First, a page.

If companies really want to reach consumers, they need to aim for their heads, hearts and stomachs, because in a digital world, consumers long for connection more than ever.
Man becomes media
In the analogue world, things were simple: retail was limited to a single channel, the shop. Apart from a few mail-order catalogues, the physical shop was all their was. All merchants had to do was to guarantee sufficient advertising and visibility through mass media such as newspapers, door-to-door magazines, posters, radio and television, after which consumers came flocking to the shops. The formula for success was effective, unambiguous and standard: open a shop – advertise – sell.
Today, the mass media are outdated and we find ourselves in a new, diverse and fragmented landscape. Moreover, man himself has become media. Indeed, today it is not newspaper ads that pique people’s curiosity about a brand, but John and Mary’s social media posts that convince their network of friends, and usually like-minded ‘peers’/followers, by proudly posing with their new bike/backpack/meal box. The consumer becomes a walking billboard, whose Instagram followers are the passing cars of old.
Head, heart and stomach
If men and women are the medium, how do you reach them as a brand? How do you connect them to your shops? In today’s complex reality, people are more than ever torn between head, heart and stomach. The head is synonymous with digitalisation, reason and data: it guarantees online and repeat purchases, rational selections and classic market segmentation based on socio-demographic data.
It would seem that digitalisation is expanding people’s world, as if they have more power and freedom than ever. However, their world is shrinking as the big technology players have taken over their heads. Indeed, Google, Meta and others are not only tracking them everywhere with cookies and advertising, they are also creating a ‘tunnel vision’: the mind is trapped in a tunnel of personalised information, experiences and ‘tailored’ shopping suggestions. Contrary to popular belief, the consumer has actually lost overview and freedom.
This is precisely why people have such a great need for connection, human engagement and emotions (heart) in this digitalized world. The heart seeks out places to meet and connect, such as sports, cafés, travel and also shops. Like churches, shops play the dual role of meeting places and shop windows, places where people can go at any time and where they can feel and experience the brand. In marketing, the heart represents lifestyles and feelings rather than compartmentalisation.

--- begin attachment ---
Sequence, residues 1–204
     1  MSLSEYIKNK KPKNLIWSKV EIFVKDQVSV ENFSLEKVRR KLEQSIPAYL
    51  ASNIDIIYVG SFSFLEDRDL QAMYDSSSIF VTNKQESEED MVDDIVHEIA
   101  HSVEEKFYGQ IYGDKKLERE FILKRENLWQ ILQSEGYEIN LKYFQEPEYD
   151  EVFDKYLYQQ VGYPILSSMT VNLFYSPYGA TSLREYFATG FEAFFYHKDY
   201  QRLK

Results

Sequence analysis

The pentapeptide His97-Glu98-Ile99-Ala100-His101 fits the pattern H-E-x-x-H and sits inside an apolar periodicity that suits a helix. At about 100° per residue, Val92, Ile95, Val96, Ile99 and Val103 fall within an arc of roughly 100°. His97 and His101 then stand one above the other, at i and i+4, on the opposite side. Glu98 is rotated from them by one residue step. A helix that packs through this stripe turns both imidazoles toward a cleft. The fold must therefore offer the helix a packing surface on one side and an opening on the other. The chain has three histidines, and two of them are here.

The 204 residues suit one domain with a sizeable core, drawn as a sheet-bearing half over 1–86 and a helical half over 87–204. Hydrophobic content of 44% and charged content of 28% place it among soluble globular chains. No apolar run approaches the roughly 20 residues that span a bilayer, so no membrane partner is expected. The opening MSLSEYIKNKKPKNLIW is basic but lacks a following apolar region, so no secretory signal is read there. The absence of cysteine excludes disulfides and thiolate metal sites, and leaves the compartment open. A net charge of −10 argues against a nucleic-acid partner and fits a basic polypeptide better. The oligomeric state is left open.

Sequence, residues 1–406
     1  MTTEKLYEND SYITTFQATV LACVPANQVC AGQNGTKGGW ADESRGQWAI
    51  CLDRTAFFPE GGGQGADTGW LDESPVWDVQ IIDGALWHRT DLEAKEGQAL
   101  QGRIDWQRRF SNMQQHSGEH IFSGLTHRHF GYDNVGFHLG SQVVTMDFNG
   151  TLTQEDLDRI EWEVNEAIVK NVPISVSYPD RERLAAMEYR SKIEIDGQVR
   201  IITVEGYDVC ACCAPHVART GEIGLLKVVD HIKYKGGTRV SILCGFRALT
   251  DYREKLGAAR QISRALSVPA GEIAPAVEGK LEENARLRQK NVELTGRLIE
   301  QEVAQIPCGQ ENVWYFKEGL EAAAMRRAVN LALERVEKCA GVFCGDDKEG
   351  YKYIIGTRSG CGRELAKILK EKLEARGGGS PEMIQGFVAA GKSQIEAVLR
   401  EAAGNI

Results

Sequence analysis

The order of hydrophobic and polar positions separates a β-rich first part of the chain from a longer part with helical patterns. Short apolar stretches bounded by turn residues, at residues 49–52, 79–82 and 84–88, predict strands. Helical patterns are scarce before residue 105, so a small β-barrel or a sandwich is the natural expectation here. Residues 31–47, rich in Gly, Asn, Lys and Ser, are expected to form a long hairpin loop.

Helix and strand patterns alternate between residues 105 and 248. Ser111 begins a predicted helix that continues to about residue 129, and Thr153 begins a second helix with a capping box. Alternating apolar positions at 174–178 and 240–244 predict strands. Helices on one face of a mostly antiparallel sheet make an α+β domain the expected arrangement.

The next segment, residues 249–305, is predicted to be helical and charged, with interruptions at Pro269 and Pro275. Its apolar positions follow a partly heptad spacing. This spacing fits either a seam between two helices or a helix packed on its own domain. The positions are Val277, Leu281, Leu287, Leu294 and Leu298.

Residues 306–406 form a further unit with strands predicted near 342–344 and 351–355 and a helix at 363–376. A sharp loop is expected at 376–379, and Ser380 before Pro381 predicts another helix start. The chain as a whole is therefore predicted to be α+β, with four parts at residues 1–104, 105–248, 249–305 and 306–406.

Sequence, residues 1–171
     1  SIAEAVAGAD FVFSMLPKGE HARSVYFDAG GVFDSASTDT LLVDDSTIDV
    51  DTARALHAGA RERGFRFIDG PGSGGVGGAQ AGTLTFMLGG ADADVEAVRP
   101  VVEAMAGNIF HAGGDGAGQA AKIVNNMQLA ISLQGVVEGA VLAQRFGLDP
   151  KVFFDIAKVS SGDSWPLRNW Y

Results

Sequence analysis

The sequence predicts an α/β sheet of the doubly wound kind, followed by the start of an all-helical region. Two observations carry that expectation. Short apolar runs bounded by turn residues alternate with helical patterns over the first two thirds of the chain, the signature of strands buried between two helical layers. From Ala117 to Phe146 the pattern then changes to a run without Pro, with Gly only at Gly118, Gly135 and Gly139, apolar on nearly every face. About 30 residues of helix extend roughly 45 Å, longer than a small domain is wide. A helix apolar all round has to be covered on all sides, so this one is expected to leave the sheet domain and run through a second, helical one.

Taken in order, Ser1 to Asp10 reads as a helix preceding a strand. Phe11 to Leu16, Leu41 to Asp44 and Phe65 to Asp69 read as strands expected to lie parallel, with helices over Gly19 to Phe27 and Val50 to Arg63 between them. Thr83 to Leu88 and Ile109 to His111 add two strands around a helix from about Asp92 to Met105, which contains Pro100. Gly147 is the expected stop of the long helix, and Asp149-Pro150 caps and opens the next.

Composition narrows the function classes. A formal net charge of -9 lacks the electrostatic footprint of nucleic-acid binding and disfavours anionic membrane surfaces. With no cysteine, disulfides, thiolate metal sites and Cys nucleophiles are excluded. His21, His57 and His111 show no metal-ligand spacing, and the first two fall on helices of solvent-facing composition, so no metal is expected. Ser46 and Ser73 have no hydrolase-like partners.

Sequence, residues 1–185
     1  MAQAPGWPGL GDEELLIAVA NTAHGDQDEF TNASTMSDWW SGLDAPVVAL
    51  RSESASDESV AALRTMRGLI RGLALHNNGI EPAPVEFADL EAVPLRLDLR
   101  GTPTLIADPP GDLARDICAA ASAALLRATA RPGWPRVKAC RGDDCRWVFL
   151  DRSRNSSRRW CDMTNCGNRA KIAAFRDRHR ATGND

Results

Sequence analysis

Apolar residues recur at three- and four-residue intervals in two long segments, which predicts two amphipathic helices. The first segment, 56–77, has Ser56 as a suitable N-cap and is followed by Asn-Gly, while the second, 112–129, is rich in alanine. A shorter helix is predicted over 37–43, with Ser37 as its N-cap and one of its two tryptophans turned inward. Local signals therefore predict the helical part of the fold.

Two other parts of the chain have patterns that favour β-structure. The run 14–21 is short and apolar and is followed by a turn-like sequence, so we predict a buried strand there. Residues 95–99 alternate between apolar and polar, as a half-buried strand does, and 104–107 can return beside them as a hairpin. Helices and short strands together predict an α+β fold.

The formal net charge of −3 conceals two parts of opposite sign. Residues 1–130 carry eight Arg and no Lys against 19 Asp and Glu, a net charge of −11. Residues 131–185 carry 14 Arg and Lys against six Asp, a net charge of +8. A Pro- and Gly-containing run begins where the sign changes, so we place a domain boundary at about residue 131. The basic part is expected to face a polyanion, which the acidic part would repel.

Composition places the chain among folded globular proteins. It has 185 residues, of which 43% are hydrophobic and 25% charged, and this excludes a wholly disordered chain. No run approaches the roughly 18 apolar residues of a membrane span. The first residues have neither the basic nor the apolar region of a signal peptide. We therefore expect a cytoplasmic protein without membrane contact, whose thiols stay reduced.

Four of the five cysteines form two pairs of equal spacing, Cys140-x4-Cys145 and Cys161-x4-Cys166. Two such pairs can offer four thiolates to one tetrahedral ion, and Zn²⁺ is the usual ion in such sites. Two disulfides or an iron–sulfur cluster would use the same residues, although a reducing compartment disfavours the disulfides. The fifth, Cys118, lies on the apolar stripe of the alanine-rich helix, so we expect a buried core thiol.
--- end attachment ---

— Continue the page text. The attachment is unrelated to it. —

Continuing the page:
Underneath the head and heart lies the stomach. It cares little for the tensions of the other body parts, as long there is enough to eat and drink. The stomach stands for impulsiveness and comfort, but it also shows – literally – how food is the basis and driver of buying behaviour. All in all, it is the stomach that pulls the strings.
Gaining heart and stomach share
For retailers, it is particularly important to appeal to the head, heart and stomach of consumers. The head is won with data, ease of use, value and technological efficiency. But perhaps retailers and brands should address the stomach and heart more, since the head is already in the hands of the tech giants. The heart is won with service, a personal connection and an unforgettable experience. This is especially true in a rapidly ageing world where loneliness prevails. People are longing for genuine connection.
It’s no coincidence that blurring is gaining ground in non-food retail: clothing shops are opening coffee corners, furniture shops are becoming restaurants, and appliance shops are offering cooking classes. Clearly, they are aiming their arrows at the stomach, that fundamental motor of the human being. At the same time, sales of non-food products in the food retail sector are slowing down, forcing supermarkets to reinvent themselves. They are also aiming to appeal even more to the stomach by focusing on food service, be it a sushi stand or fresh meals on wheels.
Cities, too, are places of the heart and stomach, where people feel they belong to a community, want to meet other like-minded people and are looking for food in every sense of the word. Cities and towns can take inspiration from Ikea, for example, which has set up real urban farms and neighbourhood markets in Sweden to find talent through hearts and stomachs. Ikea understands only too well that going through the head, heart and stomach provides a unique connection with the ‘consumer’, a connection that can last a lifetime.
Want to know more about people as media, how to win stomach share and how to connect with the new consumer?